We need empirical and experimental studies on the nature, relevance, development and fostering of moral competence. We need also replications studies, which use the same or a similar design as existing studies:
On the relevance of moral competence for social behavior: Are people with high moral competence* …
- … more likely to keep a promise? (Krebs & Rosenwald 1977)
- … less likely to cheat on tests or other situation? (Hartshorne et al 1928; see experiments reported by Kohlberg 1984)
- … less likely to transgress rules, laws? (Hemmerling 2014)
- … more likely to blow the whistle when they witness the breaking of rules by other (powerful) people? (Brabeck 1984; Roberts et al. 2002)
- … less likely to use violence for solving a conflict? (Bear 1987; Seitz 1991; Grundherr et al. 2016; Doehne_2018; Nowak 2017)
- … more likely to help other people in distress? Real help, not just intention to help (McNamee 1977; Gross 1994)
- … less likely to obey mindlessly unlawful or immoral commands by authorities? (Milgram-type experiment by Kohlberg 1984)
- … less submitting to conformity pressure; Ash-type experiment (Froming et al 1977; Mofakhami 2019)
- … more likely to defend the human rights? (Haan et al. 1968; Gross 1997)
- … more likely to welcome and support refugees?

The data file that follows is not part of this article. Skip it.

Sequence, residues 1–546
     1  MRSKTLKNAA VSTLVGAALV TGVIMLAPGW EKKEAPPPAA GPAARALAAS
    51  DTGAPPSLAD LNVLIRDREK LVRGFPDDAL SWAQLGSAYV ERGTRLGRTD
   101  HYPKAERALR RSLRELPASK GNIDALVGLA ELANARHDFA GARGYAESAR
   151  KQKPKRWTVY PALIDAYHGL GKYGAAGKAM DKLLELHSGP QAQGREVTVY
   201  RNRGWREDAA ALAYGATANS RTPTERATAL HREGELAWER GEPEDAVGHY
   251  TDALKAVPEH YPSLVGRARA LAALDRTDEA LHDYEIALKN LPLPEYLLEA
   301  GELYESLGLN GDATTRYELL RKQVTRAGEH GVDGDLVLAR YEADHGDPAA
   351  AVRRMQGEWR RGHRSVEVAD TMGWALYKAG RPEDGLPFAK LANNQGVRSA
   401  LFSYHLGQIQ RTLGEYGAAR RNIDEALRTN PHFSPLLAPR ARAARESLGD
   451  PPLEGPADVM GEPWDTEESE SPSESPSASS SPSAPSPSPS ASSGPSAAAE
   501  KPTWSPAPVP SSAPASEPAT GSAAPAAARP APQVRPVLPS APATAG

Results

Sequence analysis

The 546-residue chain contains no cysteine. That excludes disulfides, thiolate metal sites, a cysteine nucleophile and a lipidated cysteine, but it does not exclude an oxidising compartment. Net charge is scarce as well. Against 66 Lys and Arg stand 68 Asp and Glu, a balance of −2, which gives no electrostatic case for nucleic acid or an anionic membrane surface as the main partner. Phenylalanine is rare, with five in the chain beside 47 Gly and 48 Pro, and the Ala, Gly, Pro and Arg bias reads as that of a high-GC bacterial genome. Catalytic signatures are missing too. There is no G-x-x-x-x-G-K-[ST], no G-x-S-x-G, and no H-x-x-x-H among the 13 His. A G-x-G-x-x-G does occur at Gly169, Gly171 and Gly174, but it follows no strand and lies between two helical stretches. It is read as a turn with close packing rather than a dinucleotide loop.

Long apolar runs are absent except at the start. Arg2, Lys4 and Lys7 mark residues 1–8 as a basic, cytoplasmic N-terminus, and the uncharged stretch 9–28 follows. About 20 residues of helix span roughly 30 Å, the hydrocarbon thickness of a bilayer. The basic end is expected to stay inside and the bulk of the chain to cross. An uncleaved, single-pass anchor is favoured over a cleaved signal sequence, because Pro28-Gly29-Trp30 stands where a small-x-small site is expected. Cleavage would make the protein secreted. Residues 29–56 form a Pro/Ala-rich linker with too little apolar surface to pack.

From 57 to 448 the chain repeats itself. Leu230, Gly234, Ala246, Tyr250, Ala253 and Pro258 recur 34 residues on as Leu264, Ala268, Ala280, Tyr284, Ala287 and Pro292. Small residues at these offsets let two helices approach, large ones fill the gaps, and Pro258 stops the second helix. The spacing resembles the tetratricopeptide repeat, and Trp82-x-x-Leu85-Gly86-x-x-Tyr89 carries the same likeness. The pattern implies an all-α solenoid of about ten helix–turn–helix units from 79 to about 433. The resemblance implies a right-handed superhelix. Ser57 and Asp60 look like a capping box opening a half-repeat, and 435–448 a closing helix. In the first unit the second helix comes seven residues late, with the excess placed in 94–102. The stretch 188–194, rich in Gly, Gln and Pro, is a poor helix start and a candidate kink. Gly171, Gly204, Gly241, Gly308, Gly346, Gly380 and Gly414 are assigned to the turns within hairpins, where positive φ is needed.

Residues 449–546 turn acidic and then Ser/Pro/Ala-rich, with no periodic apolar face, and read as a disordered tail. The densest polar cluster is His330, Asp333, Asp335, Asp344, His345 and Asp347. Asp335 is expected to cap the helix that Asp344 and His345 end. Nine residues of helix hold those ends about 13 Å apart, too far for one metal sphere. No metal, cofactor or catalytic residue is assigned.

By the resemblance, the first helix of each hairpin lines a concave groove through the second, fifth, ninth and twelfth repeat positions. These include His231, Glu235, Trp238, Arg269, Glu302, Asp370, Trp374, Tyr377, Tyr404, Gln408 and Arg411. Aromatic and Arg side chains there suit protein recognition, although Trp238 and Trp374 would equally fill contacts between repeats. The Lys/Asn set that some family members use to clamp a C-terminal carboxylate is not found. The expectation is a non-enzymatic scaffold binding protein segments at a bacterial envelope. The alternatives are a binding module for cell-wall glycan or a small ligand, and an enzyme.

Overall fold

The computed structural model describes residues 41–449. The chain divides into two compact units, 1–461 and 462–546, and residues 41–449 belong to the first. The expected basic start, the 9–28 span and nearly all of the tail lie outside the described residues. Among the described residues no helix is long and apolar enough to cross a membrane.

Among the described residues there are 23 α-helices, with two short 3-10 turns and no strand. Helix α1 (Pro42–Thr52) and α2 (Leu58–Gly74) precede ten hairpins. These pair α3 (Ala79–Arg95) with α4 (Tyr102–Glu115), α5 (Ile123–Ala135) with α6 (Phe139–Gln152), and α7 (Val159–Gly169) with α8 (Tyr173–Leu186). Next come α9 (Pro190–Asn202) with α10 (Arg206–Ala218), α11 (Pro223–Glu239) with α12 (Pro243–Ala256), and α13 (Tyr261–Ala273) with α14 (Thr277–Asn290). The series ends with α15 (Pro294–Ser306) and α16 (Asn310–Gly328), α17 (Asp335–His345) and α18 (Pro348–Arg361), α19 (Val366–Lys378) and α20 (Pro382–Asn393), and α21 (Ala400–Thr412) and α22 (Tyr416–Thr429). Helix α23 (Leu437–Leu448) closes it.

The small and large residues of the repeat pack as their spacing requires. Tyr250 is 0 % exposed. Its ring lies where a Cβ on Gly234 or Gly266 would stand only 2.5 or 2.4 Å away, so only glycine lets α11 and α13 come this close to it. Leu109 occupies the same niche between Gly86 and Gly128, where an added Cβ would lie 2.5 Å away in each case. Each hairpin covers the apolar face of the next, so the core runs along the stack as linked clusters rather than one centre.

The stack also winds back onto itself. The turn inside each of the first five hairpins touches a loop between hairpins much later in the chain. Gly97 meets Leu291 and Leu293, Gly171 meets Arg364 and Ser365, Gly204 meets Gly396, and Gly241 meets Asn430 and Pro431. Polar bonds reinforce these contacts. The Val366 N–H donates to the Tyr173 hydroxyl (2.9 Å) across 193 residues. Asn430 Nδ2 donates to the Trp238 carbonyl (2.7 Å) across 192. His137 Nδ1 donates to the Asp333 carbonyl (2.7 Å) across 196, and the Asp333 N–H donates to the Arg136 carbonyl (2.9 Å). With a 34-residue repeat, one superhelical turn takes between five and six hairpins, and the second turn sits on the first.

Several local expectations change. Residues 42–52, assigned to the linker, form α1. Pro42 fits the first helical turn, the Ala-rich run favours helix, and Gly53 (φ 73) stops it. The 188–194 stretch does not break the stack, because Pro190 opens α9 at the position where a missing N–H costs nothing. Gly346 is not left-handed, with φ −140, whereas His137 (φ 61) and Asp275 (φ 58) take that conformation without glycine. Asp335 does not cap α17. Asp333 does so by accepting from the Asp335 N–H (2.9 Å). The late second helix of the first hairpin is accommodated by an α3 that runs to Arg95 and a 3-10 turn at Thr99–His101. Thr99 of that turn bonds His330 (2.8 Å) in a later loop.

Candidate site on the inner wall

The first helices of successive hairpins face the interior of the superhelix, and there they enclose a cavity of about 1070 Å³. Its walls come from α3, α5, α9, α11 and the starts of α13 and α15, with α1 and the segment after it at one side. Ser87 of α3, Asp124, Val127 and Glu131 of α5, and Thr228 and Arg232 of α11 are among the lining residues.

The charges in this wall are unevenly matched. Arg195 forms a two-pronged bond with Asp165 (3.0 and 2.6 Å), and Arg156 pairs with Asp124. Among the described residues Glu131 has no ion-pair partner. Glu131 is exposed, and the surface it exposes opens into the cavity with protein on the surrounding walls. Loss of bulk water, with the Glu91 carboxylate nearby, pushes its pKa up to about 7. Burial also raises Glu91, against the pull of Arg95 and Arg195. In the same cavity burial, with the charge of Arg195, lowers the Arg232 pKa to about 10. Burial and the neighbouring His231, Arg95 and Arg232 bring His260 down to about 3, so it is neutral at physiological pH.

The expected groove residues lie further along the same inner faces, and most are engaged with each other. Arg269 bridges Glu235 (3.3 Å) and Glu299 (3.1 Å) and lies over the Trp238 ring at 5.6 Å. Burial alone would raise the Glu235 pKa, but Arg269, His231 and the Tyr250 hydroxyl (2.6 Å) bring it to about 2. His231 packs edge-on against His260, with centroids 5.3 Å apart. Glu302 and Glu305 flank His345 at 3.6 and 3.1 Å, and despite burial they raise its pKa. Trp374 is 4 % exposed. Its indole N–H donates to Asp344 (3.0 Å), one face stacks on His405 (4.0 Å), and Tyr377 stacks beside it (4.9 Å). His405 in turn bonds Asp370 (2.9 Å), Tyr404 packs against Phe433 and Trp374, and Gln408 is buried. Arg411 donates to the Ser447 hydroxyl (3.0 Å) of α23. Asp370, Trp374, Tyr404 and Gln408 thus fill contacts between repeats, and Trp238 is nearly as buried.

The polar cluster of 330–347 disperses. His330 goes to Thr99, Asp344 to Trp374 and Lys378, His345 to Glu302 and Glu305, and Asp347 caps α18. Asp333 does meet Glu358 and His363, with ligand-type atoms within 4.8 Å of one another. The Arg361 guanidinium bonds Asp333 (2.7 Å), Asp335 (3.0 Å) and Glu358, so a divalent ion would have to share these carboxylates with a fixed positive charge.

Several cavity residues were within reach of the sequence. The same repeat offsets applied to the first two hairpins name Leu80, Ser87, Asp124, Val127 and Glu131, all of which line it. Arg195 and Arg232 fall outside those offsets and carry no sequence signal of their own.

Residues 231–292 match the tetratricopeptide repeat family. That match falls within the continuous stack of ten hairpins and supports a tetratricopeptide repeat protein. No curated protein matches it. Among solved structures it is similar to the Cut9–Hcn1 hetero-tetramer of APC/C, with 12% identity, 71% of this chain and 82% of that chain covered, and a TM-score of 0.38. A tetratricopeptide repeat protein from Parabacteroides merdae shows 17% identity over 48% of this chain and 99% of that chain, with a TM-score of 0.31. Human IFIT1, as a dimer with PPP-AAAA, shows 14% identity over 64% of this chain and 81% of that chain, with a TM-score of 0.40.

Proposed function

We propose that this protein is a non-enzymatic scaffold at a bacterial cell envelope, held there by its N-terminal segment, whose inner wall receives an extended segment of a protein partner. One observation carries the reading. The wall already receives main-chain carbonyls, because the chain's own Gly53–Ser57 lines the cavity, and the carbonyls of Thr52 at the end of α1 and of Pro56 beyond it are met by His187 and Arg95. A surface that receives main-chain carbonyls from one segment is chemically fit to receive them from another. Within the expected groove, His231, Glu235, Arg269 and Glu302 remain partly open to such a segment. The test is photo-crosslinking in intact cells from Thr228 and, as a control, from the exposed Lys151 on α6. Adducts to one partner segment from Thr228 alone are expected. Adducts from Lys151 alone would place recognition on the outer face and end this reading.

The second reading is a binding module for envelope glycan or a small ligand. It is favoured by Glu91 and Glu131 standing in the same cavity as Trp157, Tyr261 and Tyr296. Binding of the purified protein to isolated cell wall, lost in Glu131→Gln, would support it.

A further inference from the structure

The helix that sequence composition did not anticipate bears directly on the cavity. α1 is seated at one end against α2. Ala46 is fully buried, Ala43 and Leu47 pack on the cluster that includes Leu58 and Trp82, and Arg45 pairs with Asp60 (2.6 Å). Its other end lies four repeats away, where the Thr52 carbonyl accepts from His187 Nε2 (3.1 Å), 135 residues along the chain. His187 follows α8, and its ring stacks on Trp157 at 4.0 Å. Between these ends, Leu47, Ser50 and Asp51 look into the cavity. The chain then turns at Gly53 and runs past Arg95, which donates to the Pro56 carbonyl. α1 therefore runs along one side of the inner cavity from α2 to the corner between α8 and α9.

- … less likely to use drugs when in difficult life-situations? (Lenz 2006)
- … less symptoms of dementia and ALS (Semler et al. 2018)
- … better in memorizing facts? (Heidbrink 2010)
- … better in understanding and applying facts?
- … better school grades in various fields (Lenz 2006)
- … better learning habits (Kohlberg 1958)
- … faster in solving moral dilemmas? (Mansbart 2001; Prehn 2013)
- … more tolerance of ambiguity and ego-strength (Lind 1978; Lind et al 2010)
- New: … buying choices: products which are more expensive or less beautiful, versus products which are cheaper, treated with chemicals, produced by children or underpaid workers or threatening our environment and climate.
* (a) Always anticipate competing explanations for the effects of moral competence, and try to choose a research design (sampling) which allows you to decide which actually caused the effect (see also Lind 2019a).
(b) Test my overall-hypothesis that a C-score of > 20.0 is a threshold for autonomously guided behavior (Lind 2019b): People with a higher moral competence behave considerably better even without external control. The analogous threshold on Kohlberg’s Stage scale would be the transition from Stage 2 to Stage 3.
Explanation: Some studies indicate that this hypothesis is valid and that we could reduce much violence, deceit and other misbehaviors (and their enormous costs) by offering people more opportunities for improving their moral competence. I also believe that we could have a true democracy, when our schools would provide 90 percent of the citizens with the opportunity to develop their moral competence to this level and beyond.
On the nature of moral competence and moral orientations: